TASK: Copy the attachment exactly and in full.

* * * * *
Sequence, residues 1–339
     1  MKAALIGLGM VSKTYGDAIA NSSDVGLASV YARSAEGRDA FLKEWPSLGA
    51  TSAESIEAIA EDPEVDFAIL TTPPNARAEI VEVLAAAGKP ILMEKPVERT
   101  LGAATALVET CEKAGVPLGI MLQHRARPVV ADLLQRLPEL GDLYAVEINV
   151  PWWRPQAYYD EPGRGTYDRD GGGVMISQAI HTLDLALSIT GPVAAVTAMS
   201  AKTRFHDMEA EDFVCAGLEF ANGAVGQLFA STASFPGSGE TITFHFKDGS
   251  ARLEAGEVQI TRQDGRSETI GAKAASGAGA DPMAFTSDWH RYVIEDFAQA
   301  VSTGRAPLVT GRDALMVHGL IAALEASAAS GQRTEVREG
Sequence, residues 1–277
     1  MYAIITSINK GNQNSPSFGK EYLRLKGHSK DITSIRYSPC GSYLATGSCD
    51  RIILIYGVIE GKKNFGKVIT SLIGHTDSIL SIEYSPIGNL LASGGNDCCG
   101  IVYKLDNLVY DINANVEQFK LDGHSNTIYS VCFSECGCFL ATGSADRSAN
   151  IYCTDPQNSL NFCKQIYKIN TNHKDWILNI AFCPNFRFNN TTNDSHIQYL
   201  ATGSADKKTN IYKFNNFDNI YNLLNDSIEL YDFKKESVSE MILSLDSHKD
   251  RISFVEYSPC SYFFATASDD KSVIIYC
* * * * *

Sequence, residues 1–339
     1  MKAALIGLGM VSKTYGDAIA NSSDVGLASV YARSAEGRDA FLKEWPSLGA
    51  TSAESIEAIA EDPEVDFAIL TTPPNARAEI VEVLAAAGKP ILMEKPVERT
   101  LGAATALVET CEKAGVPLGI MLQHRARPVV ADLLQRLPEL GDLYAVEINV
   151  PWWRPQAYYD EPGRGTYDRD GGGVMISQAI HTLDLALSIT GPVAAVTAMS
   201  AKTRFHDMEA EDFVCAGLEF ANGAVGQLFA STASFPGSGE TITFHFKDGS
   251  ARLEAGEVQI TRQDGRSETI GAKAASGAGA DPMAFTSDWH RYVIEDFAQA
   301  VSTGRAPLVT GRDALMVHGL IAALEASAAS GQRTEVREG
Sequence, residues 1–277
     1  MYAIITSINK GNQNSPSFGK EYLRLKGHSK DITSIRYSPC GSYLATGSCD
    51  RIILIYGVIE GKKNFGKVIT SLIGHTDSIL SIEYSPIGNL LASGGNDCCG
   101  IVYKLDNLVY DINANVEQFK LDGHSNTIYS VCFSECGCFL ATGSADRSAN
   151  IYCTDPQNSL NFCKQIYKIN TNHKDWILNI AFCPNFRFNN TTNDSHIQYL
   201  ATGSADKKTN IYKFNNFDNI YNLLNDSIEL YDFKKESVSE MILSLDSHKD
   251  RISFVEYSPC SYFFATASDD KSVIIYC